SIERRA VISTA, Ariz (KGUN9-TV) - Fort Huachuca's history reaches back to the days when the Cavalry kept the peace in the West. But there's a quieter part of the post's history.
Fort Huachuca trains intelligence specialists, and it has a museum that honors the quiet craft of spying. Here’s a look at what they can talk about.
In Fort Huachuca’s Intelligence Museum there’s a wall marked with graffiti. It is no ordinary wall. It's a remnant of the infamous Berlin Wall that blocked East Berliners from the free world when the Cold War was at its coldest and Berlin was a center for spies of both sides.
The museum is part of Fort Huachuca's program to teach modern soldiers the art and science of gathering intelligence.
Sometimes spies knew about each other. Before the Berlin Wall fell, the Soviets, and the Western allies actually had an agreement where some soldiers could spy on each other.
KGUN9 reporter Craig Smith asked historian Paul Pipik: “So effectively there were people who had a license to spy?”
Paul Pipik: “In so many words, yes.”
Smith: “In the Cold War world?”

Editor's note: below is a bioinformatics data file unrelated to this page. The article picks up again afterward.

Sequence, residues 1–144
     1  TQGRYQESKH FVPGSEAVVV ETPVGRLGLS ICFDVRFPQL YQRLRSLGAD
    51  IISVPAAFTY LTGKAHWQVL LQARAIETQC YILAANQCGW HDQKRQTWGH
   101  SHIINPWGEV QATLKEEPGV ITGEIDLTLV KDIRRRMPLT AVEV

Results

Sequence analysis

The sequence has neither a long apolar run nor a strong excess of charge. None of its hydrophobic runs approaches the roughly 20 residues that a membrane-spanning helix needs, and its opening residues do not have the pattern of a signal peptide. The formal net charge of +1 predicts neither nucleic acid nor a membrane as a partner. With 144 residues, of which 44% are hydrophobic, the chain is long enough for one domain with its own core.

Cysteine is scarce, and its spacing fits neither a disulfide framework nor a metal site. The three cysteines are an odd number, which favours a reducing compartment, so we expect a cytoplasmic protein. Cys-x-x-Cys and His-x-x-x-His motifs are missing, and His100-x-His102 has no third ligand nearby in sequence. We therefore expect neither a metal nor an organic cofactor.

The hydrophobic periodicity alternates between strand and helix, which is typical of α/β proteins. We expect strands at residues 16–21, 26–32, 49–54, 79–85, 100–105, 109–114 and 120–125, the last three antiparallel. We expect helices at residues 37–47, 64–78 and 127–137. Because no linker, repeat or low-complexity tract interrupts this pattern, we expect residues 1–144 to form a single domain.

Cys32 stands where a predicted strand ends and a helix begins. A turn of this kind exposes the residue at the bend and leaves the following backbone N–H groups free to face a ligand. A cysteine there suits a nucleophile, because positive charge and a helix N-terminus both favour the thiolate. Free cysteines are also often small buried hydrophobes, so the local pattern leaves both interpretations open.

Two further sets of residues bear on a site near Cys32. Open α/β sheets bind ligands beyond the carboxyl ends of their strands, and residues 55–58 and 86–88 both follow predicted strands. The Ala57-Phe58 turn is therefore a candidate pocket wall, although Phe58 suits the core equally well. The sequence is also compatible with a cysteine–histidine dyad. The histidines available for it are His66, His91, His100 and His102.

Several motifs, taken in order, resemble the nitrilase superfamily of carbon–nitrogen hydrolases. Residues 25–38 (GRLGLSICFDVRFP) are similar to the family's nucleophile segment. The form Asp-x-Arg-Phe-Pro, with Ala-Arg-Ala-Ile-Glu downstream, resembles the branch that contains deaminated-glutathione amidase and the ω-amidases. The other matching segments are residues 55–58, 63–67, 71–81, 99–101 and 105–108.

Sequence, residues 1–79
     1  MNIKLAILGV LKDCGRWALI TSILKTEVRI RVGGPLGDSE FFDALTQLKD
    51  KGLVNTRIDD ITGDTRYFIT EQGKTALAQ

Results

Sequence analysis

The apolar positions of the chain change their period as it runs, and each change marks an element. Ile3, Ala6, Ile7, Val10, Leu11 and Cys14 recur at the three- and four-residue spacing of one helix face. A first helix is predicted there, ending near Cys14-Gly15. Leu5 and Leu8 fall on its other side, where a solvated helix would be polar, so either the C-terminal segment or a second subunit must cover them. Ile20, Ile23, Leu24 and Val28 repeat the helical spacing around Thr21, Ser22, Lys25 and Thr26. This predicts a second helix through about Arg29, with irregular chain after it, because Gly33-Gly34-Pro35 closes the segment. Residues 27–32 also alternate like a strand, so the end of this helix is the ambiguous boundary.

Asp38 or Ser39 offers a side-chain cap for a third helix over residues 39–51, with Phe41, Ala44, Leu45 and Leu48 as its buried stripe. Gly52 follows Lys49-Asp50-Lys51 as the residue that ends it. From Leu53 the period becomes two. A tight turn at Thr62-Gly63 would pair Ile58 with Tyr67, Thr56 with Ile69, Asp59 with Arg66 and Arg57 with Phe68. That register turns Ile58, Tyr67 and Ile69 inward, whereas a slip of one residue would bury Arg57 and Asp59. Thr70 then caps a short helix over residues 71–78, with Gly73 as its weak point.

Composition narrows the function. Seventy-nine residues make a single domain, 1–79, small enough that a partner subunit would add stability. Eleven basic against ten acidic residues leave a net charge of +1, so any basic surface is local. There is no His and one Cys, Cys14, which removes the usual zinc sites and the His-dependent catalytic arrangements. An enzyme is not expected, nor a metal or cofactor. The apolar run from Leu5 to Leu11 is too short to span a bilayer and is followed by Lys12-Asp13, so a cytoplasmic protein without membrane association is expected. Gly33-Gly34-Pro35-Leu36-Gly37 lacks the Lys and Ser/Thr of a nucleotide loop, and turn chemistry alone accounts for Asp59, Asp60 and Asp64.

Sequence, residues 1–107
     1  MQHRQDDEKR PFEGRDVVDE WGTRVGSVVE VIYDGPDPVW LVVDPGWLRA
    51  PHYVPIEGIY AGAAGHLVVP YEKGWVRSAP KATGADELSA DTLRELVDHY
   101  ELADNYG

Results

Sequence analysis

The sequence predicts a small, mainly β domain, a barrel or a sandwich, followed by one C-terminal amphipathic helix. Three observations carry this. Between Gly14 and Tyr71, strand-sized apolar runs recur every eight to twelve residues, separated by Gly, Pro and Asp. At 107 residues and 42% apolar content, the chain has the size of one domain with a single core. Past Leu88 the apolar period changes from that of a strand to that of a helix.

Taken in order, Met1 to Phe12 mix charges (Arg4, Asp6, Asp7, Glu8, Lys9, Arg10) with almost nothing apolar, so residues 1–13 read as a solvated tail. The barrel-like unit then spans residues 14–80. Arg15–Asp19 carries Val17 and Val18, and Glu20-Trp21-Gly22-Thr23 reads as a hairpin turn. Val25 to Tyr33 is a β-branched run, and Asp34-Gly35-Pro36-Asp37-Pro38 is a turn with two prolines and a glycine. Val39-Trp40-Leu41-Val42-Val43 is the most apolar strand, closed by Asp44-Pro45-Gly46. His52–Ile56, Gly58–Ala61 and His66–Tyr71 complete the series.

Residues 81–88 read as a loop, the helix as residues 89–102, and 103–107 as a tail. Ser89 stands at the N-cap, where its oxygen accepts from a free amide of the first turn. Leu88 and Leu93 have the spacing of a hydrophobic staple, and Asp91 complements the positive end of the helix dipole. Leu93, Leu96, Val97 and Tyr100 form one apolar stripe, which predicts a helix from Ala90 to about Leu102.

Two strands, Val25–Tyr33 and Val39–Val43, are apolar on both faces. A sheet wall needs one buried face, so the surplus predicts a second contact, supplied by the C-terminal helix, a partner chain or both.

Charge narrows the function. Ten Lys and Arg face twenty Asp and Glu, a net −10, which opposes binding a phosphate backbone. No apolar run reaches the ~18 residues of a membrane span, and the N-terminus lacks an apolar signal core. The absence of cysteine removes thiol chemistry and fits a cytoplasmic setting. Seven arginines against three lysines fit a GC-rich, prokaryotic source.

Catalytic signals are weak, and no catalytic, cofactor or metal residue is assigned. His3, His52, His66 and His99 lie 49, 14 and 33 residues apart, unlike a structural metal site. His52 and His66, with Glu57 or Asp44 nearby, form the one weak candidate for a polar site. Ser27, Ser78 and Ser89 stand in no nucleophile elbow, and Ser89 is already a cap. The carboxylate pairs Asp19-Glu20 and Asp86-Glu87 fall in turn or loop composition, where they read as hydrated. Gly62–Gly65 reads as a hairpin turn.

Pipik: “That's exactly what it was. The Soviets had a similar mission. It was located in Bonn, West Germany and when I was over there in the 70s we'd see them up on the hilltops watching us as we would road march and they were always poking around when we were training as well."
The spy teams would try to elude each other. The museum has a small truck one of the teams used. At night the soldiers could change the way the lights looked on the truck to try to lose anyone tailing them as they stretched the limits of where they could go.
Craig Smith asked Pipik: "What if they pushed it too far?”
Pipik: "They could be arrested. They could be interrogated but they really couldn't be held. No one wanted to lose ability to move freely in the other guy's zone so they were usually given a finger wag and sent on their way if they were found too far into the wrong places."
But spying is at least as old as war. The museum has a small brass disk that turns plain language into code. The code disk was one way Civil War soldiers tried keep the enemy from understanding messages sent by flag signals.
The museum has one of the Enigma machines the Nazis used in World War Two. They were confident the Enigma produced unbreakable codes.
It helped win the war for the Allies when British code breakers were able to beat the Enigma's encryption, decode German messages and learn enemy plans. They developed the predecessors of modern computers as part of their code breaking effort.
The museum shows current challenges too like improvised explosives, and suicide vests as modern soldiers come to Fort Huachuca to learn how to use information as a weapon.